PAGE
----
9. Value the interim steps taken to substantially lower emissions intensity without compromising the stringency of the thresholds for near-zero emission production.
  10. Extend the reach of work on definitions down to existing supply chains and into new ones.

Caitlin Swalec, project manager for heavy industries at Global Energy Monitor, describes the call for specific definitions as “big progress”.

“This is something we called for repeatedly over the past two years, so good to see the IEA finally echoing,” said Swalec.

Asian Countries Should Also Take Note

IEA might have given its recommendations to the G7 nations, but the need for decarbonising steel and heavy industry is even greater in Asia. The leading steel producers should act urgently and focus on the steps that can bring immediate results.

From the list of recommendations, Asian countries can start by setting up an industrial decarbonisation alliance to make concrete carbon reduction targets. Such an initiative will show a commitment that the entire industry is determined to help global decarbonisation efforts. Furthermore, it will help steel producers cooperate, ensuring that all are held to the same standards. It will ensure that transforming the sector won’t cost them their competitive advantages.

Creating progressive national policies for decarbonising steel and heavy industry is another crucial and urgent step. That way, countries will be able to showcase the importance of the industry’s transition and ensure a level playing field where public and private entities will both be pursuing a common goal and adhering to unified standards. Implementing comprehensive mechanisms that tolerate collective and national commitments will accelerate the decarbonisation progress of the industry and the entire economy.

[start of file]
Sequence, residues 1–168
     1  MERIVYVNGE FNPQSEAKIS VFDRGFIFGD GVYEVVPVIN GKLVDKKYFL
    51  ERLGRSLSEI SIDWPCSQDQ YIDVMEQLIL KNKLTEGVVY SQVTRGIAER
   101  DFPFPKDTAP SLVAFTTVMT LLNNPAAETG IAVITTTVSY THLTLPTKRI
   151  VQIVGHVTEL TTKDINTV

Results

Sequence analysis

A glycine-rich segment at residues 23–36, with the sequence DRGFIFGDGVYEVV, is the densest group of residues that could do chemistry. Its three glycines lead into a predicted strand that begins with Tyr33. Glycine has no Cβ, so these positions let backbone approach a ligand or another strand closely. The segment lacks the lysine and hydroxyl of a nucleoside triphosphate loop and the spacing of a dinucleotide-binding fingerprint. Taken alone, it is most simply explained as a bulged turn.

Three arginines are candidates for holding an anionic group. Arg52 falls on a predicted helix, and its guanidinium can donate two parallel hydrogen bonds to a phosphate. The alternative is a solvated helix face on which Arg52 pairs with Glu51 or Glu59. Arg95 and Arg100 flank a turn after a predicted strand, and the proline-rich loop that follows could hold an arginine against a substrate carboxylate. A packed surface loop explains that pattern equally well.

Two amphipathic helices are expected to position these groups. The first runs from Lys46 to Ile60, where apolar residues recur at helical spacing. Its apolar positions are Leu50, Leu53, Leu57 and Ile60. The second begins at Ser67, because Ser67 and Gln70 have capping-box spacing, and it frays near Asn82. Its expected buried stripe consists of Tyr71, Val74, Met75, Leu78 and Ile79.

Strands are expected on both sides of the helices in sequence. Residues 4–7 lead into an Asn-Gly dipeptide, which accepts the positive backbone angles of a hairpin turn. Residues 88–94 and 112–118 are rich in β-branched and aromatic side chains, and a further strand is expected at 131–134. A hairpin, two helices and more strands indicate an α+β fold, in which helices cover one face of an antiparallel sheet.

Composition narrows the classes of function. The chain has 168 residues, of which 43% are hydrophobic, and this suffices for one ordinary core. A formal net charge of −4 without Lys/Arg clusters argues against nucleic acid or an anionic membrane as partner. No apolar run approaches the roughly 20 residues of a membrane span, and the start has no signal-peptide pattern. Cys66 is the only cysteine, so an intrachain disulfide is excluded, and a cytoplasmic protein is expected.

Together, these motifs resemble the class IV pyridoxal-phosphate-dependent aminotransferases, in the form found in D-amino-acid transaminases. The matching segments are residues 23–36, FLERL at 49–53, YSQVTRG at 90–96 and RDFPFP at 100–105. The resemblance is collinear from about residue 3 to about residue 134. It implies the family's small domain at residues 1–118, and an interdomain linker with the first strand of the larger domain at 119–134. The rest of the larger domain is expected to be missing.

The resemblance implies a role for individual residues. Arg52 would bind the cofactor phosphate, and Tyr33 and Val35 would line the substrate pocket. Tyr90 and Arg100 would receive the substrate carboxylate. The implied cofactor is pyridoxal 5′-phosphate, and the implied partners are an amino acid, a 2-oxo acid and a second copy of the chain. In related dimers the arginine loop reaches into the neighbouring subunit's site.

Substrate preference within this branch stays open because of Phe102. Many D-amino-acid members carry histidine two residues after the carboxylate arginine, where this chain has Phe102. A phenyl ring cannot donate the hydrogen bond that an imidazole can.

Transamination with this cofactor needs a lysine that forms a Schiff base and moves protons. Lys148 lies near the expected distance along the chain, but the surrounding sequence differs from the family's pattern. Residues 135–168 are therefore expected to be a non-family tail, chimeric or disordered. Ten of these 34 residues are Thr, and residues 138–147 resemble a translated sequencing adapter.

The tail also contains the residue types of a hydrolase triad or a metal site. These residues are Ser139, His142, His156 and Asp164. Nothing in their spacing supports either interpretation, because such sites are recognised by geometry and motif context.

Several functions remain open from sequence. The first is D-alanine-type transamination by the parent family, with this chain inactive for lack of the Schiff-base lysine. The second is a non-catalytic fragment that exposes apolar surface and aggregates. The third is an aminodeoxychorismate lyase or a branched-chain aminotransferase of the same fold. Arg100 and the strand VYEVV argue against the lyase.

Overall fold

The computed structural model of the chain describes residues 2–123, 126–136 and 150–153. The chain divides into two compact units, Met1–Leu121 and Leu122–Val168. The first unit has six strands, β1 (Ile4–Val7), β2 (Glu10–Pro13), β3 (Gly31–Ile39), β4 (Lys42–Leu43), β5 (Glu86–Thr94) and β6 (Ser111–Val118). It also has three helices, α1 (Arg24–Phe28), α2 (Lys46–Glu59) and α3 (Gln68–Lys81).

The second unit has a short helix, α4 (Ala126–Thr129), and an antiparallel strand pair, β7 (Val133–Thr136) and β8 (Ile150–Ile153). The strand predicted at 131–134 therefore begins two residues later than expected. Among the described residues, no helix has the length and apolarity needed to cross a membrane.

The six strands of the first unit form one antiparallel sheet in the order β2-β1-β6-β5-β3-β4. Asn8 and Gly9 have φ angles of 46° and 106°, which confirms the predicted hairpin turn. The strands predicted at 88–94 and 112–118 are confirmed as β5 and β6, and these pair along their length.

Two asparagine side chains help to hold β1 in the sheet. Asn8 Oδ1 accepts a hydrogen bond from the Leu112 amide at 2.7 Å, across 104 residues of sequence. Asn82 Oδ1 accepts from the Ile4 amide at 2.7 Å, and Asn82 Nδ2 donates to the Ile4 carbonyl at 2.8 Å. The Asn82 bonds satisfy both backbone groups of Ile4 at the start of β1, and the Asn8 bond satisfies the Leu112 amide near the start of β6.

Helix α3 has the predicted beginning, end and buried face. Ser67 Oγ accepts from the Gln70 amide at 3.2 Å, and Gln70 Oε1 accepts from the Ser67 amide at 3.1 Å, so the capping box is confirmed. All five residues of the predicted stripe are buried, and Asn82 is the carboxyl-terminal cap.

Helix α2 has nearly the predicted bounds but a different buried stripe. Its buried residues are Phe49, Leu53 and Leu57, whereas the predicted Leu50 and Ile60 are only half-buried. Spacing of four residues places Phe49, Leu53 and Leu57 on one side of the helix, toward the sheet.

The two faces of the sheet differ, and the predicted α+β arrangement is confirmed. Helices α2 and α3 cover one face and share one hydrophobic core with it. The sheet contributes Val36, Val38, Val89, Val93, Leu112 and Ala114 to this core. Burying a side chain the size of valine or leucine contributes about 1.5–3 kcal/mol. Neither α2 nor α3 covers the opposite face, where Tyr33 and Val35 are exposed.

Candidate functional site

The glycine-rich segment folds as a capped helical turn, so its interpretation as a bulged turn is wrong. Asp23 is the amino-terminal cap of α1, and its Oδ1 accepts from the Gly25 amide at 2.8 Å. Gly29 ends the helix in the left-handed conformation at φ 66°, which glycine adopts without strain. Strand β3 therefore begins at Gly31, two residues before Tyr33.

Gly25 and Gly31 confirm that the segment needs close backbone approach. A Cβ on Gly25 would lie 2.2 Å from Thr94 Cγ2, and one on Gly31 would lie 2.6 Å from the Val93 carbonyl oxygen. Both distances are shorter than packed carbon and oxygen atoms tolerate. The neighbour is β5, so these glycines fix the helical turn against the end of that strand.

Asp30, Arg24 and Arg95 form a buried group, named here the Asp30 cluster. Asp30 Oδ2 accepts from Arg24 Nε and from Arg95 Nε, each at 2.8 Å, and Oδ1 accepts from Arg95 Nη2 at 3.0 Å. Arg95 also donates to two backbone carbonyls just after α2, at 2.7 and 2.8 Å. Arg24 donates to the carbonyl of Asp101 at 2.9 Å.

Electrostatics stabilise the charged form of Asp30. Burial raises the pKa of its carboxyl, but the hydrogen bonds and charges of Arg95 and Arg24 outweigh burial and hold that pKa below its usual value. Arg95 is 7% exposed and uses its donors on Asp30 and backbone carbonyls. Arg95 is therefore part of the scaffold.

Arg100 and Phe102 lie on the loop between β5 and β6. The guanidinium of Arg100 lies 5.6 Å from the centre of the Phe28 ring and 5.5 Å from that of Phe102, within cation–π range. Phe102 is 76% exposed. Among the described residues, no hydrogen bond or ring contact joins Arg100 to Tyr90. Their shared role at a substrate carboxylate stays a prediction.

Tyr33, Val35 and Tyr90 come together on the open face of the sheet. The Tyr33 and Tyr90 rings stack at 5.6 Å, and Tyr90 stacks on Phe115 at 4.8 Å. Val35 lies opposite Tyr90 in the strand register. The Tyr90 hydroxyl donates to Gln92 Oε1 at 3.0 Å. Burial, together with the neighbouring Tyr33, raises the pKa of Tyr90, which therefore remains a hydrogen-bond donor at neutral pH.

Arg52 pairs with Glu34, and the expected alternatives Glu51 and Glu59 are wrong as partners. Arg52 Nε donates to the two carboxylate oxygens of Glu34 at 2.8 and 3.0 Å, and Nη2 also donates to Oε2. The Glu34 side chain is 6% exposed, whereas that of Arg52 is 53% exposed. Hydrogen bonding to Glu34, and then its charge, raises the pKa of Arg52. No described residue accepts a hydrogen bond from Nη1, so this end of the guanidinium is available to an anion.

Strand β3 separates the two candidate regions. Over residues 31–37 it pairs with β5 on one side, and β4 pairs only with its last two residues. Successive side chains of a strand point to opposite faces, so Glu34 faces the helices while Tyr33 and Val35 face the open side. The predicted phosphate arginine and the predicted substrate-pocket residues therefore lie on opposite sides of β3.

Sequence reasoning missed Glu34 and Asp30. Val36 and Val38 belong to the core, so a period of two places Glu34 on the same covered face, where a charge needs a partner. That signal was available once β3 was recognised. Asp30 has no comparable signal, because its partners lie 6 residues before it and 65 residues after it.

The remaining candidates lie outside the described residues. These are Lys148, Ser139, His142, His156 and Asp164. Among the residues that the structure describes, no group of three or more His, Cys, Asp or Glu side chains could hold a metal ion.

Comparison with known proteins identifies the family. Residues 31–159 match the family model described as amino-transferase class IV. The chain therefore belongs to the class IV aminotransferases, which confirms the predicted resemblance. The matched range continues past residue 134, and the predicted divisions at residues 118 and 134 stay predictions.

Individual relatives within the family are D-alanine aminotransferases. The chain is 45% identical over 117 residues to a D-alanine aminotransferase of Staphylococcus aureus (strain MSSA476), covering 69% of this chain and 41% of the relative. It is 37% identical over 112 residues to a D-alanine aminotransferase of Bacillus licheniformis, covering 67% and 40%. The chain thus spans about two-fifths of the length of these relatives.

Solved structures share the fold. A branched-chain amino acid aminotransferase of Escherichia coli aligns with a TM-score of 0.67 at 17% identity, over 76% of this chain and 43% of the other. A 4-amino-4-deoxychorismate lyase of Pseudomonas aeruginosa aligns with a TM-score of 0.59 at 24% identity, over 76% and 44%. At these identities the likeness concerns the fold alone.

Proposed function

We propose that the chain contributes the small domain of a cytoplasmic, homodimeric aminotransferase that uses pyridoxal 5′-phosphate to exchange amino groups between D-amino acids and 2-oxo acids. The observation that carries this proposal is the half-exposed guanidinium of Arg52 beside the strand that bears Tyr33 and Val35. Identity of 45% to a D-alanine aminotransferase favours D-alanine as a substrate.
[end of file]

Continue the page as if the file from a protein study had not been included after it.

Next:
All Eyes on G7

With IEA’s latest report, G7 countries, alongside other heavy-industry countries like China, now have a blueprint for decarbonising steel and hard-to-abate sectors. Margaret Hansborough, a consultant, activist and senior policy advisor for the industry at COP26, sees the G7 summit as “the perfect opportunity for leaders to make what would ideally be binding commitments, among others, drawing a line in the sand and putting China on the spot”.

Asian countries are uniquely positioned to have the G7 nations pave the way for the decarbonisation of the steel sector. And having a well-trodden path to follow means leaders won’t have an excuse to continue their inaction.

by Viktor Tachev

Viktor has years of experience in financial markets and energy finance, working as a marketing consultant and content creator for leading institutions, NGOs, and tech startups. He is a regular contributor to knowledge hubs and magazines, tackling the latest trends in sustainability and green energy.